Wednesday, March 1, 2006

Today is an unexpected rest day

I only got 5 hours sleep last night due to getting home from work quite late and having some things to do before I went to bed. When I awoke, I could tell I was tired, so I'm not running today. My wakeup HR was 53.

Training Graphs


  1. Anonymous3/02/2006

    Have you read "Positive Addiciton" yet?

  2. Ops... thanks for the reminder. I better get to the library.

  3. I got the book today (the only copy in the Salt Lake County library system) and read chapter 5. I've felt some of the symptoms described by the runners: fewer and milder colds, weight control (I don't have much of a weight problem, anyway, and eating anything I want. I was in a serious auto accident on May 19, 2004 (see my blog for that date), and I would have died except for having a strong body due to running. I'm grateful for that.

    I especially enjoyed reading the comments about the mediative properties of running. When I was in marathon training 25 years ago, I felt that way often. Like I was crusing down a highway with no worries at all. As I've recently been doing longer distances, I've started to feel those feelings again, like I'm floating down the trail. My running is my time when I make peace with myself and the world.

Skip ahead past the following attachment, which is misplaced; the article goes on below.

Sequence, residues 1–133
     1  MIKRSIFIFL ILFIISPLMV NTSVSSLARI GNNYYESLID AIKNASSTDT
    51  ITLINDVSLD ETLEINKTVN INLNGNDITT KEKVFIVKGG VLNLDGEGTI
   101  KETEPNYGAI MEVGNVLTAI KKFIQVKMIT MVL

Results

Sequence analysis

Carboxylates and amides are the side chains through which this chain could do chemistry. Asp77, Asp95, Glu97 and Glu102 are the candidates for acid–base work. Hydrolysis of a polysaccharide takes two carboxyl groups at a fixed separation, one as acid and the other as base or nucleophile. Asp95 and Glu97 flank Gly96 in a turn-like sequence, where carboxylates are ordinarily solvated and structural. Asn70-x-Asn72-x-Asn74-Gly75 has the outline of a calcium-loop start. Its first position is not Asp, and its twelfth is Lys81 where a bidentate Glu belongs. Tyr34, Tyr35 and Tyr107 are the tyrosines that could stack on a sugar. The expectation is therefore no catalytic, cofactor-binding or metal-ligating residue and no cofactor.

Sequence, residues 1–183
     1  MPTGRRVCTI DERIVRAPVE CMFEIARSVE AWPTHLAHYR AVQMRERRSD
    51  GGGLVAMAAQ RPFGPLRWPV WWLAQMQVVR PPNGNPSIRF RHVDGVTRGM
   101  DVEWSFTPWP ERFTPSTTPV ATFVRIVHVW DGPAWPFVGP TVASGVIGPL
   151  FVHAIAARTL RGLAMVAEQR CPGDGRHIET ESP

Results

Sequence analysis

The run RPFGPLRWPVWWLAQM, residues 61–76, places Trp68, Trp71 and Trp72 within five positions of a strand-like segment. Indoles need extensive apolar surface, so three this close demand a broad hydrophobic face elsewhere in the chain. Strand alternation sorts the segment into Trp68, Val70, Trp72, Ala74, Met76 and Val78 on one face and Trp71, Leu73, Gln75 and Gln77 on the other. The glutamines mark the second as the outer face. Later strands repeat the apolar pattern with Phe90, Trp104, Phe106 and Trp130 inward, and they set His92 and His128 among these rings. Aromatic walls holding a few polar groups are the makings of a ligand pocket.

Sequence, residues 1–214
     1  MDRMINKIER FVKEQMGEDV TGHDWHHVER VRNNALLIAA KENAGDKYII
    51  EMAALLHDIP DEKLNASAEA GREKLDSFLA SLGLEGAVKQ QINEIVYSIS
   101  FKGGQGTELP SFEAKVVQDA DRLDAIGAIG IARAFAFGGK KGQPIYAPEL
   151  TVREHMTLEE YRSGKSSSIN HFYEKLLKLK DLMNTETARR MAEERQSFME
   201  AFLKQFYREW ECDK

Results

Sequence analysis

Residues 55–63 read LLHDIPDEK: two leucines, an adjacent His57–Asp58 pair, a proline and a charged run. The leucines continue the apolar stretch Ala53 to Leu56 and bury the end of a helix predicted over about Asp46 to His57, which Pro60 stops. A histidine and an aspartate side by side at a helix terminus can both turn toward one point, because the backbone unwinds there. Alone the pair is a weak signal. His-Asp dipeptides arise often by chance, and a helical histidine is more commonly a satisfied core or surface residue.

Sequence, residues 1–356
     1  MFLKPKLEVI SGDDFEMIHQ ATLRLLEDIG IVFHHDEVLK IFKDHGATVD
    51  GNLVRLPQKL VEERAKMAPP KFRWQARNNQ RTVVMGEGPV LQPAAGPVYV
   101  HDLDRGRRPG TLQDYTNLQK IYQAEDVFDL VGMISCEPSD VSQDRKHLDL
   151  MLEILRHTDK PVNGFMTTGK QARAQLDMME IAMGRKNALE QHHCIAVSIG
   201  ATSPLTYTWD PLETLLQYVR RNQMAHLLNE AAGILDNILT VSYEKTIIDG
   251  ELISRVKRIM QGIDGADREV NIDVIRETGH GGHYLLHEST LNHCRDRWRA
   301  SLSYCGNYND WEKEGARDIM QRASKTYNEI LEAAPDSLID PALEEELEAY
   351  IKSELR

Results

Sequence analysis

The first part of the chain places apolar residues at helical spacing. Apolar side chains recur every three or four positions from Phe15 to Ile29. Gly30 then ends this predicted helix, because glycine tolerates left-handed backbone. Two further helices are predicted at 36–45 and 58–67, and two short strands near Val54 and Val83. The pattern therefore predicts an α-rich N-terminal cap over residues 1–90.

I didn't relate much to the comments about emotional feelings if I miss a scheduled run. I do have those feelings a bit, but not much. If I miss a run, I say, "That's ok, there is tomorrow." This past weekend, for example, I missed my 10-mile long run due to a trip to Arizona to visit my son and his family. I knew we would do some family walks (6 miles in two days), and that was fine with me.

    I think I have a positive addiction to my running, but not an addiction that controls my life. I'm trying to fit it into its proper place in my life.

    I've started reading the book from the beginning and am in the middle of the first chapter. Thanks for recommending the book.

  4. Just a further thought. Some runners feel driven to push and push themselves to go faster and farther, and they feel guilty if they miss a run. I think both of those feelings are negative addiction. Especially the guilt. Guilt is destructive!